A new search engine – or “computational knowledge engine” – launched this week.
Wolfram Alpha aims to make searching the web for data, answering questions and making comparisons easier.
Its creator, British physicist Stephen Wolfram told BBC Radio 4’s Today programme: “What we’re trying to do is see how much of the world’s knowledge we can make computable.
“Let’s say you want to know how far it is from the Earth to the Sun. You can go look up on a zillion web pages. It’s roughly 93 million miles.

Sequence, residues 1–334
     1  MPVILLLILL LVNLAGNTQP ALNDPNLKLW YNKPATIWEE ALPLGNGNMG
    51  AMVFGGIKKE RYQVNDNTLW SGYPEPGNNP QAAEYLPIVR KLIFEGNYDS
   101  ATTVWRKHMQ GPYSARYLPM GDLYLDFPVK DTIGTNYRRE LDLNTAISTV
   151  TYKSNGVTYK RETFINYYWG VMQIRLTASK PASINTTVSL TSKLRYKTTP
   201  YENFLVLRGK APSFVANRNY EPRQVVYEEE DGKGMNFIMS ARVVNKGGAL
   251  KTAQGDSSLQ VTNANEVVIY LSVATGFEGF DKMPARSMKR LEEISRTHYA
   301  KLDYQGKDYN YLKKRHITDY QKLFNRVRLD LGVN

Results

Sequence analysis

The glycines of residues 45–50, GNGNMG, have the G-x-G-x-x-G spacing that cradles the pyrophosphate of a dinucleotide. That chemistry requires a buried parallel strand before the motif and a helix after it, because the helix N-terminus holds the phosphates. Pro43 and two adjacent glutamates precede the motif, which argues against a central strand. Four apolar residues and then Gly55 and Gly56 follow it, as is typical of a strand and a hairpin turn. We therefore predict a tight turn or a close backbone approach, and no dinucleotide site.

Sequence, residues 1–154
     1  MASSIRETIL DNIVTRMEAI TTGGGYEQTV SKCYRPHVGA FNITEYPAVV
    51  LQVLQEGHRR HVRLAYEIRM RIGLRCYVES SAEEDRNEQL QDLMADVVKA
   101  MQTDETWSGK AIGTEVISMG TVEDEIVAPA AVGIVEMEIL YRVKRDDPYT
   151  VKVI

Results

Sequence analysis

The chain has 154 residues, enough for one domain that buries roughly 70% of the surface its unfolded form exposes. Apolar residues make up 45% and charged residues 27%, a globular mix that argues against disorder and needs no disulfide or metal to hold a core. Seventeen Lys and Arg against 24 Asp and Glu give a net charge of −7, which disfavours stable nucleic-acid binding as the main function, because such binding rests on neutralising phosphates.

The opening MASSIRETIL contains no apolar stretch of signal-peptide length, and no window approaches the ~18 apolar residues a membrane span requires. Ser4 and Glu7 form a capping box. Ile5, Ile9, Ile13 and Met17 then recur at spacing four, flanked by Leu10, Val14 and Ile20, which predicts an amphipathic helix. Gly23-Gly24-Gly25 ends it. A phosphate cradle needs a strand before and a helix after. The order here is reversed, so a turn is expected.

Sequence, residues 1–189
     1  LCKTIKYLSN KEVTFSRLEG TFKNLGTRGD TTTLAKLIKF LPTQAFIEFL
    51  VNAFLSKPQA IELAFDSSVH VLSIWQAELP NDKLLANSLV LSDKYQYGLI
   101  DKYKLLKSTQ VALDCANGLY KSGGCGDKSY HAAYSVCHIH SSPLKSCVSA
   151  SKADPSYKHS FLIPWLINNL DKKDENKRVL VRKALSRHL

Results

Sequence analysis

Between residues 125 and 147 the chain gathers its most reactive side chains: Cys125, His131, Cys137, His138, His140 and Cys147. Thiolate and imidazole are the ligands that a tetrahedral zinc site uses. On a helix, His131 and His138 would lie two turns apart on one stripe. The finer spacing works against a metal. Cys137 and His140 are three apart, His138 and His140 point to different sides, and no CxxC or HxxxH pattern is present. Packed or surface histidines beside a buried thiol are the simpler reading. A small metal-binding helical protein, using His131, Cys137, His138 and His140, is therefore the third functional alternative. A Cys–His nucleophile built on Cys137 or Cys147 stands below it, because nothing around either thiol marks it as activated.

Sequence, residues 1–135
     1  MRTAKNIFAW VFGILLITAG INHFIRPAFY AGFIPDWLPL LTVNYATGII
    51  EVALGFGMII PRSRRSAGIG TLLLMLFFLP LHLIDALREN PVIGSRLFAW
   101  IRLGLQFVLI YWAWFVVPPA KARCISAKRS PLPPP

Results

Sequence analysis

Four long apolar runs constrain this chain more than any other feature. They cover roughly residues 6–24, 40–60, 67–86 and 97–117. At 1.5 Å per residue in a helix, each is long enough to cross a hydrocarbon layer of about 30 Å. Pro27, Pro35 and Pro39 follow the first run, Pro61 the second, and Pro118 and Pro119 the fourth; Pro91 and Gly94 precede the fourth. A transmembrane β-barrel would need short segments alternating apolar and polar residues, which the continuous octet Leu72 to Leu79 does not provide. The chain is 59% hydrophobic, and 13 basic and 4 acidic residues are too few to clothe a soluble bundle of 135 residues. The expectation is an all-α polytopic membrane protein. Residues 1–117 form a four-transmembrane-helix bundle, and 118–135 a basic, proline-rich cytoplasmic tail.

“If you ask Wolfram Alpha that question, it’ll tell you not just roughly how far it is but it will compute how far it is right now when you ask the question.”
Paul Bradshaw takes a look at some of the potential uses for journalists on his Online Journalism Blog.
Useful features include instant comparisons (here’s London, Birmingham and Manchester), instant exchange rates and conversions. It also allows you to find out how much a certain amount of money was worth at a specific point in the past.
BBC technology correspodent Rory Cellan Jones said Wolfram Alpha was still early days and it needed “a lot more work”.
“I think there are a number of problems with this,” he told the Today programme.
“For one thing it’s incredibly American-centric. There’s a lot of American data in it. It does do some things brilliantly, other things not so well.”